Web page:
Can you interpret this graphic? What would make it more accessible? More interesting to look at? More reader-friendly? The same questions are key for how you plan communication efforts for audiences you want to engage with your science.
*Spoiler alert: we want you to sign up to do this at ESA 2016! Scroll to the bottom for details.
**NEW SPOILER ALERT: You all are awesome and we had an overwhelming response of volunteers (more than we have slots!)! Thanks for your continued support and interesting in sci comm!
My family sat in the front row of the auditorium for my dissertation seminar. While I can barely recall the organization or content of the presentation, one memory that does stick with me is my dad furiously typing on his Blackberry. No, he wasn’t distracted by calls from work or being rude; he was googling my words, trying to grasp meaning in the jargon I used, words like ‘allochthonous’ and ‘autochthonous.’
Jargon – technical language – certainly has its place in the discourse of science.
In our research papers. In our presentations at scientific meetings. Dare I say, our dissertation seminars. Jargon is the specialized language that we use to communicate scientific ideas and concepts with our peers in the field.
However, jargon used outside of these contexts – at a science café, in a media interview, in a K-12 classroom – is less desirable.
When you are no longer talking about your work with fellow research specialists, but communicating ideas to a wider and often non-scientific audience, overly specialized language can be distracting, confusing, and off-putting.
If your goal is to make your science accessible and engaging to a wider audience, your language needs to match that goal.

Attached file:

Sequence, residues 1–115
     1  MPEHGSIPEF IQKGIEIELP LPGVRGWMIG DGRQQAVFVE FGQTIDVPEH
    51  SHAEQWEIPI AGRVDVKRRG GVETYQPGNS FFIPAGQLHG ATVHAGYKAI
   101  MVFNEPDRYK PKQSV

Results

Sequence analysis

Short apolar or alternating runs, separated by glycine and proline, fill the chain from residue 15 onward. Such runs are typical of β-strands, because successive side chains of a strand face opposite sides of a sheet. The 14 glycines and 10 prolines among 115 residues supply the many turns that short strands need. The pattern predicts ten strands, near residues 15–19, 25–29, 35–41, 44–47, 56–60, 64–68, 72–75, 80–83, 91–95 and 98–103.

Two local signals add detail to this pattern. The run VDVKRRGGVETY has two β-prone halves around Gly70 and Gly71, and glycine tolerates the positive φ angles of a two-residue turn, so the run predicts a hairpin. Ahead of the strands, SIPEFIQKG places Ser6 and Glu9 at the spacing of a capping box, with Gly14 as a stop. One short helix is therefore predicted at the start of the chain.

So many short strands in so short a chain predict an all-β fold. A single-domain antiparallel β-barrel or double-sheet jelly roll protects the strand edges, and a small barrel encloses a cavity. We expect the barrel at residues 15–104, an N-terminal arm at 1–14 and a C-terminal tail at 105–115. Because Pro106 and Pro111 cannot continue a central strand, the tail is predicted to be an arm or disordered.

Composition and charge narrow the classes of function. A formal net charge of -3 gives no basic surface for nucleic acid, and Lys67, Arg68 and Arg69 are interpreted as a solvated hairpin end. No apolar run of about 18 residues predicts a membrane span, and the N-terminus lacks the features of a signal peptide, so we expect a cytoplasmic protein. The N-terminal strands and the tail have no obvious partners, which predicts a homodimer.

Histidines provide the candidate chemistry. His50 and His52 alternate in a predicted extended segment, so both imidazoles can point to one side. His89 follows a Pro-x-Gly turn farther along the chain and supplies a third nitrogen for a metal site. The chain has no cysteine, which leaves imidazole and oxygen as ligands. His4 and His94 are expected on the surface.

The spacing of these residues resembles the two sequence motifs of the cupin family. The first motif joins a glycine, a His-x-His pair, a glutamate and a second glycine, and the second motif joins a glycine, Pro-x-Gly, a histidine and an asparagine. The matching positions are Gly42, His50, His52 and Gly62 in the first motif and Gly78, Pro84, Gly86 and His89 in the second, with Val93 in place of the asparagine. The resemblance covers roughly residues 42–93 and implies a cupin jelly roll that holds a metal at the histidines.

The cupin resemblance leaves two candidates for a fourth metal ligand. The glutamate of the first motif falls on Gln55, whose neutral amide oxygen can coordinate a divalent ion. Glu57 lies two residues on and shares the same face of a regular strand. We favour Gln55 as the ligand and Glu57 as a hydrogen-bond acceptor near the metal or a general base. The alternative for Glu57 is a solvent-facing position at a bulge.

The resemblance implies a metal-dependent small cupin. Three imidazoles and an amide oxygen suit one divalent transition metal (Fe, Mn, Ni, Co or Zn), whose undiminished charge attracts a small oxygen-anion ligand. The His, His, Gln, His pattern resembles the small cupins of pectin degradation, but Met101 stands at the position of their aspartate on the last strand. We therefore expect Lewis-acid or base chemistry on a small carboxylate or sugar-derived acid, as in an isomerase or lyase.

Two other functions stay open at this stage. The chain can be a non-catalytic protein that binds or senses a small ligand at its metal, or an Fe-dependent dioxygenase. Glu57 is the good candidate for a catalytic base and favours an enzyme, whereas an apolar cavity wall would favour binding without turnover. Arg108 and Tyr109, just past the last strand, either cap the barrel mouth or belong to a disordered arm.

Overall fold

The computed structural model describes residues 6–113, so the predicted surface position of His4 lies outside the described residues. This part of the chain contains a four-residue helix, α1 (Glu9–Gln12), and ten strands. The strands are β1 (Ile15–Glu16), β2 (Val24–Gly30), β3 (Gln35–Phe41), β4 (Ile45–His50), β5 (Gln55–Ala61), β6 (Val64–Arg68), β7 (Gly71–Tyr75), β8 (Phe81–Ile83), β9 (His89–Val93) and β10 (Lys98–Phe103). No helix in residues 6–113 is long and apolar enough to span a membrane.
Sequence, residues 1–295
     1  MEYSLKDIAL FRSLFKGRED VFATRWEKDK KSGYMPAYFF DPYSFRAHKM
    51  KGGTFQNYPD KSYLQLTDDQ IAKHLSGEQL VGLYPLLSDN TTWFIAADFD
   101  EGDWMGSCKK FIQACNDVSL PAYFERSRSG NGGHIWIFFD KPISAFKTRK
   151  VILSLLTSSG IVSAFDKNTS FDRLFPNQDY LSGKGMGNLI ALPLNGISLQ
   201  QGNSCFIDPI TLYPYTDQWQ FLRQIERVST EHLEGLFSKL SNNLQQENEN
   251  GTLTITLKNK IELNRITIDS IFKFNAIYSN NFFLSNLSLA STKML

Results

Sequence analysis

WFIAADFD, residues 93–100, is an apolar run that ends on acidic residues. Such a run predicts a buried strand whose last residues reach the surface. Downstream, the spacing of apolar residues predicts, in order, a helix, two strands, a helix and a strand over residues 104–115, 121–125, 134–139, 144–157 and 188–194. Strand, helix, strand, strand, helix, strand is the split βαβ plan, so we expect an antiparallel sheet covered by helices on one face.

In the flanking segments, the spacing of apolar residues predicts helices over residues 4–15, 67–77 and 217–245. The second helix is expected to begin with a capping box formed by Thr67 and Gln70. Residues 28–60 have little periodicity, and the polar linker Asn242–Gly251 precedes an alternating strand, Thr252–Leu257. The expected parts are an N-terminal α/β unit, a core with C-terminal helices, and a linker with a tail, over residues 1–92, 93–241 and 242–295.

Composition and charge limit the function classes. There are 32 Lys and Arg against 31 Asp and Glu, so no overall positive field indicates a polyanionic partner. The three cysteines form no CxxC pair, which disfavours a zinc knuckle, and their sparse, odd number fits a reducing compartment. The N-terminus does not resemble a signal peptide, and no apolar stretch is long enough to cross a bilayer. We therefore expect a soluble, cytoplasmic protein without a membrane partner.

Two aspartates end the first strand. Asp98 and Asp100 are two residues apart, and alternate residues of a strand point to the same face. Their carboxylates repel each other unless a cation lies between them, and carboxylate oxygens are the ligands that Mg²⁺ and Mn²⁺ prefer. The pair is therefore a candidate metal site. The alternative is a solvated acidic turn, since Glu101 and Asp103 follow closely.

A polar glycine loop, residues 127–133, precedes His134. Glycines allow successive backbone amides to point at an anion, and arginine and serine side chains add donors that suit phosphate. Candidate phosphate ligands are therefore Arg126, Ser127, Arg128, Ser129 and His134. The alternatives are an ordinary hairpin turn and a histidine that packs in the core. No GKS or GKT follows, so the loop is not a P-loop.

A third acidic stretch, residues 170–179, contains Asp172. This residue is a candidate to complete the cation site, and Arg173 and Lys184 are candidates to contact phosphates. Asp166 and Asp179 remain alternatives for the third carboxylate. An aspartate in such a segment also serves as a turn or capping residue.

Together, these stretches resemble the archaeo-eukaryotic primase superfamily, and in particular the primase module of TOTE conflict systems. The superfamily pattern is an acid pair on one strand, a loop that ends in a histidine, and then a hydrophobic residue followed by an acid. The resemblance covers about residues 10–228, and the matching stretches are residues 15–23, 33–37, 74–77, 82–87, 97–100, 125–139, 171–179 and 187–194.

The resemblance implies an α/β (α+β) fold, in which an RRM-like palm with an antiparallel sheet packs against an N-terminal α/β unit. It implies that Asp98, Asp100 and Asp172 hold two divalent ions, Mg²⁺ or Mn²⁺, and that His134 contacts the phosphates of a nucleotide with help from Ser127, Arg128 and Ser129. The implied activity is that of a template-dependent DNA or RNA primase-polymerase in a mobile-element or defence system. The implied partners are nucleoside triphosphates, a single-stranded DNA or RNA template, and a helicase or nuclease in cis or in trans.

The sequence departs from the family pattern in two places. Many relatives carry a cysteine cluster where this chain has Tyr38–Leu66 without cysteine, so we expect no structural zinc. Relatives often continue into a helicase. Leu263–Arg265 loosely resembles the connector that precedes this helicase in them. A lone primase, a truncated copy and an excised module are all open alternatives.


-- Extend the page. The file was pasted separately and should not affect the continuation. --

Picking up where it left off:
Hence, any workshop or book about science communication to public audiences will always cover jargon – urging you strongly not to use it and giving you strategies for identifying and overcoming it. You want your audience to hear what you have to say, not spend your whole talk googling your words.
Learning to plain-speak your science takes practice and determination. You get better at it the more you do it.
And so at ESA 2016, the Science Communication Section wants to give you an opportunity to practice sharing your science in a supportive space with a friendly audience.
But with one (well, really two) caveats:
- You can only use the 1,000 most common words in the English language (Yes, this is extreme and a bit artificial, BUT constraints make you think creatively and deliberately about your word choices).
- It’s an Ignite session so you only get 5 minutes and 20 seconds per slide before it automatically advances. (Why the added challenge? The ESA Meeting Committee thought this session would best fit this high-energy format).
Our inspiration for this quite-possibly-masochistic exercise in science communication came from the Sharing Science Program of the American Geophysical Union.
At AGU’s Fall 2015 meeting, Sharing Science hosted a session called the Up-Goer 5 Giving-It-a-Try (aka Challenge). The session was itself inspired by Randall Munroe’s famous xkcd comic in which he explains the Saturn V rocket using only the 1000 most common words in the English language. (Munroe’s since gone on to do a whole book in the style of Up Goer Five called Thing Explainer: Complicated Stuff in Simple Words.)
The results – as evident by this Storify of the session – were nothing short of spectacular.
And so, we’re seeking 10 brave ecologists to give it a try at our #ESA2016 Ignite session. Good news is that another fellow, Theo Sanderson, created an Up-Goer Five text editor where you can copy and paste your words into a box and see if they meet the 1000-word criteria.
What say you? Are you willing to try?
Please sign up via our Google form. We need to line up speakers & abstracts by Feb. 12!
WOW! Thanks to your enthusiastic response, we easily recruited 10 intrepid volunteers. Thank you!
**Please note that Ignite sessions are exempt from the one presentation rule at ESA meetings. Anyone who is the presenter in the session may also present in another scientific session (symposium, organized oral, organized poster, contributed talk, contributed poster). However, each speaker may not give more than one Ignite presentation.**